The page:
• The title of this article “Familiar Stranger” made me think of “stranger danger”.  So is this black man scary, like a stranger?
  • You say that he takes stereotypes about the “funny brother” and “drop-kicks them back in your face, making them absurdly believable wile also hysterically humorous”.  Basically your saying that he does the stereotype so well that it’s hysterical.  How can you flip something but then end up being the embodiment of it?
  • You move on to Epps’s role in “The Hangover”: “Oh, and those comments on roofies — “Just the other day, me and my boy was wondering why they even call them roofies. … Why not floories, right? Cuz when you take them, you’re more likely to end up on the floor than the roof” – may be horribly inappropriate, but they’re also guiltily funny. They’re not as divisive or controversial as the kind of stuff fellow comedians-turned-actors Chris Rock and Dave Chappelle have said, but in a way, Epps — who performs Saturday at DAR Constitution Hall — has a goofy, universal appeal that rivals Rock’s and Chappelle’s natural charisma.”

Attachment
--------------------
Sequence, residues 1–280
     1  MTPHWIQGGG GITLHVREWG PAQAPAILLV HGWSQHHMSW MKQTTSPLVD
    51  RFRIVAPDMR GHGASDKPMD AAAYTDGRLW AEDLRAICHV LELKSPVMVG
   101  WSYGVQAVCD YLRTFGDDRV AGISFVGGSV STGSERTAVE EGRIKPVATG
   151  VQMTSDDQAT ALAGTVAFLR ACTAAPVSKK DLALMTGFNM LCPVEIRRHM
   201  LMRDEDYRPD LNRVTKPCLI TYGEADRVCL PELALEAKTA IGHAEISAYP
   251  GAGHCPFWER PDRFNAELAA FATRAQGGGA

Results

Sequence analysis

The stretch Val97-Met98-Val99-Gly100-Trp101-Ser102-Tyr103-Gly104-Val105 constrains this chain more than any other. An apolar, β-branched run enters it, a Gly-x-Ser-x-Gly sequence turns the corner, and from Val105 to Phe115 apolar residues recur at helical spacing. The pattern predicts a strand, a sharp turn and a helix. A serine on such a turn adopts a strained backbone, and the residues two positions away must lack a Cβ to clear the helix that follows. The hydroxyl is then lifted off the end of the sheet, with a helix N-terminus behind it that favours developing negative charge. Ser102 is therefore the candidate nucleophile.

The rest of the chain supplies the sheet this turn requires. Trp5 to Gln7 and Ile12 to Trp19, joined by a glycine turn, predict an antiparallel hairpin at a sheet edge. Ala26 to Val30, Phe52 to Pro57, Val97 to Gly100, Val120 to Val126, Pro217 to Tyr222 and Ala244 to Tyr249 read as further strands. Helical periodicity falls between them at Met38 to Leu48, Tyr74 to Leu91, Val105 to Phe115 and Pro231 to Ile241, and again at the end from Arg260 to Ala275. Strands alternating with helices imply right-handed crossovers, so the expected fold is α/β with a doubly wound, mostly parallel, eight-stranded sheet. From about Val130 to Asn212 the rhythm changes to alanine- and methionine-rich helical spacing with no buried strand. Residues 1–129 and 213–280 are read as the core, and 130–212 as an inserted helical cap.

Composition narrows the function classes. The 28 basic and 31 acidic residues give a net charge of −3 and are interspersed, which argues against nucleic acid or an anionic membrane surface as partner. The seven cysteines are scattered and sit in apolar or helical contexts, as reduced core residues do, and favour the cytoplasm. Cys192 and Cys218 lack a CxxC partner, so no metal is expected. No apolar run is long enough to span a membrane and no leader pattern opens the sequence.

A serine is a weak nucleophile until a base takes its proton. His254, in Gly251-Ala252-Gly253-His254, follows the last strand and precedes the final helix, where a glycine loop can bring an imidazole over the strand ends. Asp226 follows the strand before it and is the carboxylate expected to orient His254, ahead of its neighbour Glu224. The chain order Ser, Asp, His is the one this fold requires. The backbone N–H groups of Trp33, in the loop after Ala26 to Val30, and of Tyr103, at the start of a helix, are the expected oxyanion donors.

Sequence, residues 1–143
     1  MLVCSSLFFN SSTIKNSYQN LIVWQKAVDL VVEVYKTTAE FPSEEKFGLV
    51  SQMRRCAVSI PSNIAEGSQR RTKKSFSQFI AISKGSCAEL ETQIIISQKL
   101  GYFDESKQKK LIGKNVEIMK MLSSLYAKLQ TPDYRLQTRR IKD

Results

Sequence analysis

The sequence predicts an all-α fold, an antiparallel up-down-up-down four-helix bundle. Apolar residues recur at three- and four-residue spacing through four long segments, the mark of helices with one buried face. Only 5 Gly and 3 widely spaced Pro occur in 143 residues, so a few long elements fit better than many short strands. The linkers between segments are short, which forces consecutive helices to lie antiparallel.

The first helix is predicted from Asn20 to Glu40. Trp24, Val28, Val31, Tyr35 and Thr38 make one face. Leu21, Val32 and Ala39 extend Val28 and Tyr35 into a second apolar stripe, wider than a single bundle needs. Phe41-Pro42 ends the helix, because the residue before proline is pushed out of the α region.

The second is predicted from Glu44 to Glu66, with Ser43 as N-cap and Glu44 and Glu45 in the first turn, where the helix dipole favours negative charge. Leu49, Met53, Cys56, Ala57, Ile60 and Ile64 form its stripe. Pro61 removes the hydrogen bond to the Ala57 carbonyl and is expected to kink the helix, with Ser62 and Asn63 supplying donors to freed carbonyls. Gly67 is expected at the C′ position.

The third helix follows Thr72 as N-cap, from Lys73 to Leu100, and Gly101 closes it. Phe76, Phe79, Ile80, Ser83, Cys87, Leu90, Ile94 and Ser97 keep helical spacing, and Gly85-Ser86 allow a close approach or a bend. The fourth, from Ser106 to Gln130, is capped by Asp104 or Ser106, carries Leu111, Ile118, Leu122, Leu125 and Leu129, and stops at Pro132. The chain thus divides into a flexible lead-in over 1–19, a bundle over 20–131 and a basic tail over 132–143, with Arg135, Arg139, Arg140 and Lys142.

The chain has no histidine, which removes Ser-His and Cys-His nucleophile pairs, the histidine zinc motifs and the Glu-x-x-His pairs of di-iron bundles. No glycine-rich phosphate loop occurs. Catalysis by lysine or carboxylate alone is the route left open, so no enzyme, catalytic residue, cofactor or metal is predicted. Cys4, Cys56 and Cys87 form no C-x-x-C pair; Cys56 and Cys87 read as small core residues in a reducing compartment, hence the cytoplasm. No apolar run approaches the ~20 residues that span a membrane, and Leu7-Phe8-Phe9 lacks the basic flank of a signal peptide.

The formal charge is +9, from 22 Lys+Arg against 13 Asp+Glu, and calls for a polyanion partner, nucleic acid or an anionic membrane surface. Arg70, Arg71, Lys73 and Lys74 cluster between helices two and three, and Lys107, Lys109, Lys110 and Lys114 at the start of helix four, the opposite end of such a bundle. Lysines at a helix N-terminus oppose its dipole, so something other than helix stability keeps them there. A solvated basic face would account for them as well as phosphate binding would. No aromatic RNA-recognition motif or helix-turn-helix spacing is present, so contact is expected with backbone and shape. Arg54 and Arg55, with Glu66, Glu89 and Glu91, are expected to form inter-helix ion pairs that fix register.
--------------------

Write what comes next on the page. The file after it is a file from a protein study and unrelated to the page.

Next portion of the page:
First of all, are you saying that it’s not controversial to make fun of roofies?  It’s the damn date rape drug!  Then you call two very intellectual Black comedians “divisive”.  I really, really would love to hear your explanation for the use of that word.  What do you find divisive about Rock and Chappelle.  Perhaps their jokes about race and race relations?  Divisive is a whole lot of things in this “Post-Racial” world, huh?  Question: Would you call Richard Pryor divisive as well?  You say Epps has a universal appeal, but I think Rock and Chappelle are even more universal in their appeal.  Of course all of this is just my opinion.  Roxanna, you are entitled to yours as well, I just think you’re off.Also you mention Epps’s joke about getting money from white friends and never having to pay it back.  Isn’t that a divisive joke?

I dont’ understand where you were going with this article, Roxana. It seems a bit, well…divisive.